Alumni Spotlight: Lindsey Allen

Allen helps a group of Solar Sister entrepreneurs with their surveys following a focus group in rural Tanzania this summer. (Photo by Serena Chan)
Allen helps a group of Solar Sister entrepreneurs with their surveys following a focus group in rural Tanzania this summer. (Photo by Serena Chan)

by Daria Etezadi

Lindsey Allen, a senior at Santa Clara University in California, left the Morocco journalism program less than a year ago and already she’s determined to return to this country in North Africa.

Allen is applying for a Fulbright Fellowship in Morocco to work with social enterprises, similar to work  she did with an NGO in Uganda and Tanzania, providing women with economic opportunities to sell clean energy products to their friends and neighbors.

“It (the Morocco journalism program) really prepared me to expect the unexpected when you’re working in developing, emerging countries,” she said.

Through her work with the NGO, Solar Sister, Allen spent two months from June to August 2015 travelling between 15 villages orchestrating 12 to 13 focus groups about effective entrepreneurial strategies, distributing 60 surveys, and conducting 10 to 15 one-on-one interviews with women involved in the enterprise.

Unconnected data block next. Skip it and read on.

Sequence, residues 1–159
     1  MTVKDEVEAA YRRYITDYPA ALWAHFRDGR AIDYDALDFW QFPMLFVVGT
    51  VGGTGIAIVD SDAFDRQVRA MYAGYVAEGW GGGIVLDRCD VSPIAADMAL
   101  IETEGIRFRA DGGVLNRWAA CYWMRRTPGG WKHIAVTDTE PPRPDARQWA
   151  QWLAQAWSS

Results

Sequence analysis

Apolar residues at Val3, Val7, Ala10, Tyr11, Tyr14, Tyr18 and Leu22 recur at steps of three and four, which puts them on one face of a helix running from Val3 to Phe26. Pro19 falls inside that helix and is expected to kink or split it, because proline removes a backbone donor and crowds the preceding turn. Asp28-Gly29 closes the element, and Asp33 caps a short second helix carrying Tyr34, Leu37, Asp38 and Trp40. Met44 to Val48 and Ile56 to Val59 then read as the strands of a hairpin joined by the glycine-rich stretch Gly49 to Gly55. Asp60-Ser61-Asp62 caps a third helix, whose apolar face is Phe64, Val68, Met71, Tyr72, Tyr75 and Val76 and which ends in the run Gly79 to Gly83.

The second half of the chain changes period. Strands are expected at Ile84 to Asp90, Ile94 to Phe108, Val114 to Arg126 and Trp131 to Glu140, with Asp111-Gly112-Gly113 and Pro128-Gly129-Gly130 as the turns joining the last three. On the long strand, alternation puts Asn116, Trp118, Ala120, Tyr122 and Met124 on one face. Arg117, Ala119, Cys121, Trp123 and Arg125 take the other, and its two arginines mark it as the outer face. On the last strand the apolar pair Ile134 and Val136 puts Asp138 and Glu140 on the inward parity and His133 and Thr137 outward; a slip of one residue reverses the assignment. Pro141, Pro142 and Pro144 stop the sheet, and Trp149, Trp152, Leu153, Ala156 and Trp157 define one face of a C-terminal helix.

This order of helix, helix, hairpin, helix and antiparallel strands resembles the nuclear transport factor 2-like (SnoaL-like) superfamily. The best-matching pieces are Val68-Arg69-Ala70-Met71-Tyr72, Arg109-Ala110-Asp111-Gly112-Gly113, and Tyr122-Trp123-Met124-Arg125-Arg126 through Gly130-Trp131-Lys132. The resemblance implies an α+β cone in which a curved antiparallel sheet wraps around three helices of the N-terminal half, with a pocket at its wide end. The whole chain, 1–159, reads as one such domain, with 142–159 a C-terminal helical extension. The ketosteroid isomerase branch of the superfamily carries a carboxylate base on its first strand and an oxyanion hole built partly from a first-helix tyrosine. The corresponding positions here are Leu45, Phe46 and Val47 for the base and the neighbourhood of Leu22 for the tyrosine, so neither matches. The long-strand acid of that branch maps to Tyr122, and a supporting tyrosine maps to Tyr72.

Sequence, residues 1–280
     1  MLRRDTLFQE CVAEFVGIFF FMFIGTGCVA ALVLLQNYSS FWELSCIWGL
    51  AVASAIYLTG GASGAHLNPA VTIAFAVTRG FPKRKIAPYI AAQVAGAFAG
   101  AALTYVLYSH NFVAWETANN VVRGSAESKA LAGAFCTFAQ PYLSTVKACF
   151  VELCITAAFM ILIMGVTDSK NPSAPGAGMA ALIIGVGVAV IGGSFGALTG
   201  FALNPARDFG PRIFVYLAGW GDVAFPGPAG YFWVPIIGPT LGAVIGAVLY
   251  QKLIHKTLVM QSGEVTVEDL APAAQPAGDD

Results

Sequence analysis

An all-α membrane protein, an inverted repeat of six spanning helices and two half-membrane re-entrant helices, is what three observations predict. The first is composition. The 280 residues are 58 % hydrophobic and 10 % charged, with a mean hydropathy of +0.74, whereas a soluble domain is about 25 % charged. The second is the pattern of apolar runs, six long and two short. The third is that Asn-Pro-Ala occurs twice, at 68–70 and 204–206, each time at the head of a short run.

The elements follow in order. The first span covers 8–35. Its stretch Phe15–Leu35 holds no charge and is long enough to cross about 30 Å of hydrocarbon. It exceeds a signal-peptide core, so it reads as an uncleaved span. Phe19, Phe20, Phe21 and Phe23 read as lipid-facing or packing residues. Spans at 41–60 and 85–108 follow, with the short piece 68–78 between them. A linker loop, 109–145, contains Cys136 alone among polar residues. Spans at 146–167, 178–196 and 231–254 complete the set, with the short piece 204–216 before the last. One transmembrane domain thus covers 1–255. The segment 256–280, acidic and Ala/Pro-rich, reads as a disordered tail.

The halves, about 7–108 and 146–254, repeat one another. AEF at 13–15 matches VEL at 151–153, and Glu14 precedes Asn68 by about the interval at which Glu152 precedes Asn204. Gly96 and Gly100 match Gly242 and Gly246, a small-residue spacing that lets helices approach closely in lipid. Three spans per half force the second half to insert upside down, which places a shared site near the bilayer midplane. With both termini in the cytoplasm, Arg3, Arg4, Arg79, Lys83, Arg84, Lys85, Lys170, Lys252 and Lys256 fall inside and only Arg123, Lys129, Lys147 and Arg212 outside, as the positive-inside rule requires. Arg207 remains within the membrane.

“Working with such an experienced solar enterprise really gave me the desire to work with a younger entrepreneurial ecosystem and Morocco is really at that stage where social entrepreneurship is emerging but needs a lot more cultivation and research to be done to help it grow,” she said.

Allen arrived in Rabat in the fall of 2014 with two years of Arabic and some French under her belt. In Morocco she reported on the treatment and stigmatization of leprosy amongst Moroccan patients and their families. During her stay, she attended a symposium on leprosy and human rights, where she engaged with international executives and locals.

“My story came to life there,” Allen said.

Eventually, Allen hopes to earn a Master’s in international development studies and a law degree to work in policymaking.  She said SIT Morocco coalesced her interests, motivating her to pursue research in developing countries, and that’s how she ended up in Tanzania and Uganda.

“It was cool to have the opportunity to see [multiple] cultures and engage [them] in a meaningful way, and that’s one of the reasons I’ve become so enamored with social entrepreneurship and working in development economics,” Allen said.

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